The story has a fascinating puzzle element like any good police plot. Why did Tom Duncan kill himself and why is there something very off about his widow, Bertha Duncan (Jeanette Nolan)? Adding the girl (prostitute?) Lucy Chapman (Dorothy Green) and her allegations of foul play makes it even more suspicious, especially when she suddenly dies, and all the while Bannion is getting told by his boss, Lt. Wilks (Willis Bouchey) to lay off the case. Many threads, many characters and a very murky picture. Exactly how we like a good noir.
After the bomb it is a different movie. The mystery is evaporating as we see the criminals in action and the opening mystery is now only of minor importance. There is no hiding the rottenness. Tough guy Vince Stone (Lee Marvin), gangster boss Mike Lagana (Alexander Scourby) and henchman Larry Gordon (Adam Williams) is talking openly about their dirty business and we see Commissioner Higgins (Adam Williams), Bannion’s top boss play poker in Vince’s lair. This is now a personal battle between Bannion and the bad guys. That struggle reaches a climax when Lagana and Vince reach for Bannion’s weakest point, his daughter. This really upset me. They had just done away with his wife. Would Lang also let the little girl, innocence itself, be killed? Nothing distresses me more than violence against children and this thread felt as bad for me as it did Bannion. Talk about having a motive for bringing down the bad guys!
In a noir there is usually a femme fatale and while “The Big Heat” suffers no lack of dubious women their roles are almost reversed. Chapman goes to the police and gets killed for it and Vince’s girl Debby Marsh (Gloria Grahame) first flirt with Bannion and then turn on Vince when he punishes such flirtation with a hot coffee shower. It is the pretty “femme fatales” that redeem themselves by doing the right thing while the respectable types like the police commissioner, the matronly widow Duncan or the wannabe respectable gangster boss Lagana commit the villainy.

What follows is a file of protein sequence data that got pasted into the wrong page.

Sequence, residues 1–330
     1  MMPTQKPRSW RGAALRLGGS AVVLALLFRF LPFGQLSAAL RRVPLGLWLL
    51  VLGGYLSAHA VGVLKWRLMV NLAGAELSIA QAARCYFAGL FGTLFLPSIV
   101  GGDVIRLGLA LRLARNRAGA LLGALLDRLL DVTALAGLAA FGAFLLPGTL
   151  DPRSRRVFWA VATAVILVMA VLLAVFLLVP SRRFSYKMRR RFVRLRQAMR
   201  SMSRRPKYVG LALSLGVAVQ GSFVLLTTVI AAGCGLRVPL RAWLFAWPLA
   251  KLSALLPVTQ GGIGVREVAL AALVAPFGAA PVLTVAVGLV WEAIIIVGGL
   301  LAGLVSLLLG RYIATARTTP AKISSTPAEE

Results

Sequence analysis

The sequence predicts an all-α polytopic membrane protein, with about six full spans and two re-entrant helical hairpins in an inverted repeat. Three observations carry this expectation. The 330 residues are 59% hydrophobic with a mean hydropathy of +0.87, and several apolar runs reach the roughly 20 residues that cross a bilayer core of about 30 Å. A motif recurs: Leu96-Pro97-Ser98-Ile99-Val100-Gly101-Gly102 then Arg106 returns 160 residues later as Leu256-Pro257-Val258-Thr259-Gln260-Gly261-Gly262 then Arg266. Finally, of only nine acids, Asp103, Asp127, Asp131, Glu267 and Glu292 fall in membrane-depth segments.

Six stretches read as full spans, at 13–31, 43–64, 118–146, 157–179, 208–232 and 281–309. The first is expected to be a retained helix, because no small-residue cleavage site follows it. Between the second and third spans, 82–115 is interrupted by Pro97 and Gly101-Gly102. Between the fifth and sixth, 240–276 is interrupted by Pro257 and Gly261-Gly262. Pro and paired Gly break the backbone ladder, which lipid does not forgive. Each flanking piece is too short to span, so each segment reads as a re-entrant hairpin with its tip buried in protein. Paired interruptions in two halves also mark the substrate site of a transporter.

Gloria Grahame and Lee Marvin are top-billed on my DVD together with Glenn Ford and I think that mostly is due to their later fame, at least in Marvin’s case. Although it was fun watching him as a heavy I did not find him that memorable and Grahame I think was not entirely convincing. That maybe because I could not figure out her sudden interest in Bannion. Boredom seems the only explanation and that is just not good enough. However a big nod to the make-up department for her disfigured face. That was awesome.
The big tear-jerker is at the very end when Bannion finally is able to talk about his wife to the dying Debby. He describes not her beauty or wit or using any form of poetry, but says that she was a sampler. She had to taste his food and his wine and have a puff on his cigarette and that is just about the most endearing and romantic thing I ever heard. Seriously.
“The Big Heat” gets a good recommendation from me. It is solid work from Lang. Brutal and effective and way ahead of its time.